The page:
Goodes, like many modern Aborigines, is from a mixed-race family, with a father of British descent.

Born in South Australia, his tribal name is Adnyamathanha -- the people who live in the Flinders Ranges, the largest in Australia. His place of birth (Wallaroo, on the York Peninsular near Adelaide, first settled by Europeans in 1836) means he is also Narungga.

"Growing up, I didn't know what it meant to be Aboriginal," Goodes recalls. "My mum was taken away from her family when she was five years old and we weren't really taught anything about what it meant to be Aboriginal -- no language, no culture, no ceremonies, no nothing.

"What we did know was where we came from, and that was Adnyamathanha and Narungga, so I've had to do a lot of that journey, to find out information about that, in the last 10 years.

"So for us, growing up, we just thought we were just like any other normal family. We didn't really see ourselves as mixed race. I copped stuff from people at school because of the different color and whatnot, but I had good support that helped me get through those tough times."

His parents separated when he was young, and he moved state to Victoria with his mother in his early teens, and they settled in another small country town.

Up until that stage, Goodes was a big fan of basketball star Michael Jordan, while his own talents were in soccer.

However, there were no teams in his new hometown -- so his mum suggested having a go at AFL.

"I was very athletic, so the running part of it was good," he says. "Grabbing the ball was quite difficult because it could bounce everywhere, but I was able to pick that up pretty easily."

The main premise of AFL is simple: kick the oval-shaped ball between the two central posts to score maximum points; if it goes through the two outside posts, the score is lower.

It results in basketball-size scorelines, and with 18 players on each team -- wearing sleeveless tops known as "guernseys" and notoriously short shorts -- all kicking, passing, running, jumping and jostling at high intensity for two hours, it can be a confusing spectacle, as Goodes admits.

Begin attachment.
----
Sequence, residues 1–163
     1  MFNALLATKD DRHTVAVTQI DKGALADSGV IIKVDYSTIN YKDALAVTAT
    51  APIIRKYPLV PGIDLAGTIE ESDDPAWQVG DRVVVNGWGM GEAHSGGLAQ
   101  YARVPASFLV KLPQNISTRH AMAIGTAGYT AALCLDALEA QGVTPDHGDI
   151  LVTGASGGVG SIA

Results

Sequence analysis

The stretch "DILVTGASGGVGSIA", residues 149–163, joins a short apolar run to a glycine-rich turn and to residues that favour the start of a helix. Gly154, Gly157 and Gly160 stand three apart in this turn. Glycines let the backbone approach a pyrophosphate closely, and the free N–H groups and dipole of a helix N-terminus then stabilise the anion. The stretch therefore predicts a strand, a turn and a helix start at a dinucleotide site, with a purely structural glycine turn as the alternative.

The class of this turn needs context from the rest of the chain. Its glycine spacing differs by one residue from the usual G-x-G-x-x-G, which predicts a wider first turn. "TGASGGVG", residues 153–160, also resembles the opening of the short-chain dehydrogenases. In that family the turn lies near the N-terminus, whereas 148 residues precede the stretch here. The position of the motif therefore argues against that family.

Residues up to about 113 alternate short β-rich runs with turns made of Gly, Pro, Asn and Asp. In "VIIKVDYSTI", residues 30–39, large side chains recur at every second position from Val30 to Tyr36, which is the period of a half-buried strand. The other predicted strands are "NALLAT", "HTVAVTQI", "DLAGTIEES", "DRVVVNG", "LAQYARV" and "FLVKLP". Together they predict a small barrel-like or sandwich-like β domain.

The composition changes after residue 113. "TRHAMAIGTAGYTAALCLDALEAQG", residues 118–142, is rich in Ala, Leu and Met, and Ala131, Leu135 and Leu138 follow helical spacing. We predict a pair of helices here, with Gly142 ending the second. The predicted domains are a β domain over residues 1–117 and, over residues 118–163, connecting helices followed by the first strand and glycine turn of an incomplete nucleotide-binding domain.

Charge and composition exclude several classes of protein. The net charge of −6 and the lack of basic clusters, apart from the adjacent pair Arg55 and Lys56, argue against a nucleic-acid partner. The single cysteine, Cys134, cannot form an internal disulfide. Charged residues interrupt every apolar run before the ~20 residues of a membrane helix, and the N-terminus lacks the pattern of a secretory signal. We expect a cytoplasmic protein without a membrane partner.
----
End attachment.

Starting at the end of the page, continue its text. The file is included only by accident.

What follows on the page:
Meet man who cycled around the world
Gilmore: Surfing can be feminine
Human to Hero: Stephanie Rice

"You might come and watch a game and not know what's going on. That's because the players, the coaches, the supporters and even sometimes the umpires don't know what's going on either," he says.

"I still think that I'm learning things and improving because it is a game that you can never truly master."

While it was started by European settlers in the 1850s, the game has strong links to an ancient Aboriginal sport known as Marngrook.

"We used to play a game where we'd have a possum skin filled with charcoal and they'd kick it around, hand-pass it around, 50-a-side, up and down these massive bits of land, and they would play for days," Goodes says.

He has won two AFL titles, once as captain, and twice been awarded the game's highest individual honor, the Brownlow Medal.

His biggest challenge becoming an AFL player, he says, was not being an Aboriginal in a white man's world, but having to uproot from his family at the age of 17 and chase his sporting dream in Sydney, where he had been drafted by the city's AFL club the Swans.

"In the first year, I didn't look even close to playing in the senior side, I played reserves all year," Goodes says.

"It was really a tough year for me and it wasn't until the next year that I actually really committed and decided, 'this is what I want to do, this is what I wanted to be.' I started to make those real sacrifices and really working hard, making all the right choices to be a professional athlete."

He was inspired by Aboriginal teammate Michael O'Loughlin, nearly three years his senior.

"The way our kinship system works, he's actually my nephew -- something I only just found out recently," Goodes says.

O'Loughlin was the first Sydney player to pass 300 games, and Goodes broke his club record in 2012 when he made his 304th appearance. He is now the most-capped indigenous player, having beaten Andrew McLeod's record of 340 games for Adelaide this year -- the most by any player is 426.